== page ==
Tidal heating (also known as tidal working or tidal flexing) occurs through the tidal friction processes: orbital and rotational energy is dissipated as heat in either (or both) the surface ocean or interior of a planet or satellite. When an object is in an elliptical orbit, the tidal forces acting on it are stronger near periapsis than near apoapsis. Thus the deformation of the body due to tidal forces (i.e. the tidal bulge) varies over the course of its orbit, generating internal friction which heats its interior. This energy gained by the object comes from its gravitational energy, so over time in a two-body system, the initial elliptical orbit decays into a circular orbit (tidal circularization). Sustained tidal heating occurs when the elliptical orbit is prevented from circularizing due to additional gravitational forces from other bodies that keep tugging the object back into an elliptical orbit. In this more complex system, gravitational energy still is being converted to thermal energy; however, now the orbit's semimajor axis would shrink rather than its eccentricity.
Tidal heating is responsible for the geologic activity of the most volcanically active body in the Solar System: Io, a moon of Jupiter. Io's eccentricity persists as the result of its orbital resonances with the Galilean moons Europa and Ganymede.The same mechanism has provided the energy to melt the lower layers of the ice surrounding the rocky mantle of Jupiter's next-closest large moon, Europa. However, the heating of the latter is weaker, because of reduced flexing—Europa has half Io's orbital frequency and a 14% smaller radius; also, while Europa's orbit is about twice as eccentric as Io's, tidal force falls off with the cube of distance and is only a quarter as strong at Europa. Jupiter maintains the moons' orbits via tides they raise on it and thus its rotational energy ultimately powers the system. Saturn's moon Enceladus is similarly thought to have a liquid water ocean beneath its icy crust, due to tidal heating related to its resonance with Dione. The water vapor geysers which eject material from Enceladus are thought to be powered by friction generated within its interior.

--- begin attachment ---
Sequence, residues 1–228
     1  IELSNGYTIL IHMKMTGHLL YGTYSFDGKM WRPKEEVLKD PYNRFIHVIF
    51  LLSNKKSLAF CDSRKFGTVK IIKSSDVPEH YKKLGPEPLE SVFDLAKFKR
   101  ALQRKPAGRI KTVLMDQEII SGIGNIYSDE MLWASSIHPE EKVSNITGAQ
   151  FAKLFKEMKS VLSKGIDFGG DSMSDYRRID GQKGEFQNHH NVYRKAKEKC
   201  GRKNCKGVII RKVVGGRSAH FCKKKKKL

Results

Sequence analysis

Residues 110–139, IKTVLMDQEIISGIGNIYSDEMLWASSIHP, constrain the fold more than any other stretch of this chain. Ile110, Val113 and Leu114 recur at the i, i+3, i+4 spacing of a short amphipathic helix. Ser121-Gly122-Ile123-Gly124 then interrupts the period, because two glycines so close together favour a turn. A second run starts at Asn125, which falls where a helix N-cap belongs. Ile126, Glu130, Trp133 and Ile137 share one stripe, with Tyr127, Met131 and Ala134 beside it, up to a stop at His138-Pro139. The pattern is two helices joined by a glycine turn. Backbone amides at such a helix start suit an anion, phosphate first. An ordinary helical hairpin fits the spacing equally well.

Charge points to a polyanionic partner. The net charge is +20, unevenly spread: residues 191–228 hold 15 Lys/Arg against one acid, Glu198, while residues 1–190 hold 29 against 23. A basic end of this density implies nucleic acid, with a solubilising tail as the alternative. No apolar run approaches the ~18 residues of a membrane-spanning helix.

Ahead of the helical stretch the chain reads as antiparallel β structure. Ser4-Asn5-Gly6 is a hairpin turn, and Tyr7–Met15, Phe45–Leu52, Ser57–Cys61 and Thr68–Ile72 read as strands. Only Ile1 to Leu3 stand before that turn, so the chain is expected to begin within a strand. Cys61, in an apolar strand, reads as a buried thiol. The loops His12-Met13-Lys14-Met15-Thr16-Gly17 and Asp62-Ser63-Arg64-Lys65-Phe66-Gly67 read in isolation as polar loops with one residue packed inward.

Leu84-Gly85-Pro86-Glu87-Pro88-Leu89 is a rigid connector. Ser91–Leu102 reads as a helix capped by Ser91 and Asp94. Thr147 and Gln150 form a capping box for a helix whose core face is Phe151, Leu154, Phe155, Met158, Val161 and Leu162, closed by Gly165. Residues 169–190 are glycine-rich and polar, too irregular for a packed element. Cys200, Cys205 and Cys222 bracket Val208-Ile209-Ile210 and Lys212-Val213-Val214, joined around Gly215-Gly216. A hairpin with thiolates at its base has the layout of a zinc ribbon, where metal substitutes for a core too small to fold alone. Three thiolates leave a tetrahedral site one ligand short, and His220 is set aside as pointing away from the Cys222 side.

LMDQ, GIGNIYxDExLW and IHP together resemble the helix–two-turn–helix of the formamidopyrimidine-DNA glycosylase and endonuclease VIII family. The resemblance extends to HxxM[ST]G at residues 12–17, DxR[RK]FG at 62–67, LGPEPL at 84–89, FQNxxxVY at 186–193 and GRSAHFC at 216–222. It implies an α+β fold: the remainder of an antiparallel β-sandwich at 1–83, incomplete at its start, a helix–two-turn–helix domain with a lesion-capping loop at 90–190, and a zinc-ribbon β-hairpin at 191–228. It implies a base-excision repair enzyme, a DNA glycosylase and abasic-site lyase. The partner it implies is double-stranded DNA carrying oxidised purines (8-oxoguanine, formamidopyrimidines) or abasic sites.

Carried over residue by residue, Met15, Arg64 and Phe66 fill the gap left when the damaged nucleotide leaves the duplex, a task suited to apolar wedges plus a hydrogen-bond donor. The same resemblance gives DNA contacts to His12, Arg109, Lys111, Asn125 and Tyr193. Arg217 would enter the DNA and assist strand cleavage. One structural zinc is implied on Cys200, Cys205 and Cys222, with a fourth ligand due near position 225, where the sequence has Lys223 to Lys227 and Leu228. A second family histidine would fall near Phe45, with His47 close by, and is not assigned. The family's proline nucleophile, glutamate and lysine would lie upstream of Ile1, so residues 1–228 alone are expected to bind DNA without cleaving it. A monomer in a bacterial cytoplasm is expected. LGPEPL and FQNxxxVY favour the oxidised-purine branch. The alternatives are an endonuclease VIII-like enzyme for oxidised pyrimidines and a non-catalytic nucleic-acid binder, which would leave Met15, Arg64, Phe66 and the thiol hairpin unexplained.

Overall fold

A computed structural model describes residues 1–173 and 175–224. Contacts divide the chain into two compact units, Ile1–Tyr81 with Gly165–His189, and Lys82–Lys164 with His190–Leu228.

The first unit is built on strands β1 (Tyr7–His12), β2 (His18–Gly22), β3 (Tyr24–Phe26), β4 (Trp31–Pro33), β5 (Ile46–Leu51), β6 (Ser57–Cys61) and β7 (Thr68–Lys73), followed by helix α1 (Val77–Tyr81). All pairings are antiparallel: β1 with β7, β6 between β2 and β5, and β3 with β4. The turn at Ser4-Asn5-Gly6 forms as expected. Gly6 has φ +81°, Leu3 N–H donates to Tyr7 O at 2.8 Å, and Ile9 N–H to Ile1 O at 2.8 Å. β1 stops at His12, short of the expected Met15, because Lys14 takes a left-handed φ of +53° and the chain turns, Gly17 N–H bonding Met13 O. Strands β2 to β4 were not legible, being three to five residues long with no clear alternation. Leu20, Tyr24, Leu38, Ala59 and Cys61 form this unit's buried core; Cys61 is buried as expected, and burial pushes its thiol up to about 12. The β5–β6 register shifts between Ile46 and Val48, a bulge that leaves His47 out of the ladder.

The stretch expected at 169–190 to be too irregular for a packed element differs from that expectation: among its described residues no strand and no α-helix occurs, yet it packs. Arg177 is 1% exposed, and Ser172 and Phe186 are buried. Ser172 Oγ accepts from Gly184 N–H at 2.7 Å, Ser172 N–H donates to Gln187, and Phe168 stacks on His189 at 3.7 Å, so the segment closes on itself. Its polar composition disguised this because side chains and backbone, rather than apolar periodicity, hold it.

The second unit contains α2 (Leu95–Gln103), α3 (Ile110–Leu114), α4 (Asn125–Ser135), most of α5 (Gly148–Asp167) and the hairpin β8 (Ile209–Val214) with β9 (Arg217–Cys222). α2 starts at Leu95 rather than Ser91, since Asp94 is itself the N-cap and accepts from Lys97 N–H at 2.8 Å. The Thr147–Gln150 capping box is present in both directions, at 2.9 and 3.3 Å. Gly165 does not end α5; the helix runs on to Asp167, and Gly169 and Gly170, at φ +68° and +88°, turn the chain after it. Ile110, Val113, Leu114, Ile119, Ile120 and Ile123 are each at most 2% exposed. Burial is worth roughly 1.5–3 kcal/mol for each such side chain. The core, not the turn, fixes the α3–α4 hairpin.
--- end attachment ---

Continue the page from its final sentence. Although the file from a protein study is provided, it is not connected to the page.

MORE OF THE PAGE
The tidal heating rate, , in a satellite that is spin-synchronous, coplanar (), and has an eccentric orbit is given by:
where , , , and are respectively the satellite's mean radius, mean orbital motion, orbital distance, and eccentricity. is the host (or central) body's mass and represents the imaginary portion of the second-order Love number which measures the efficiency at which the satellite dissipates tidal energy into frictional heat. This imaginary portion is defined by interplay of the body's rheology and self-gravitation. It, therefore, is a function of the body's radius, density, and rheological parameters (the shear modulus, viscosity, and others -- dependent upon the rheological model). The rheological parameters' values, in turn, depend upon the temperature and the concentration of partial melt in the body's interior.
The tidally dissipated power in a nonsynchronised rotator is given by a more complex expression.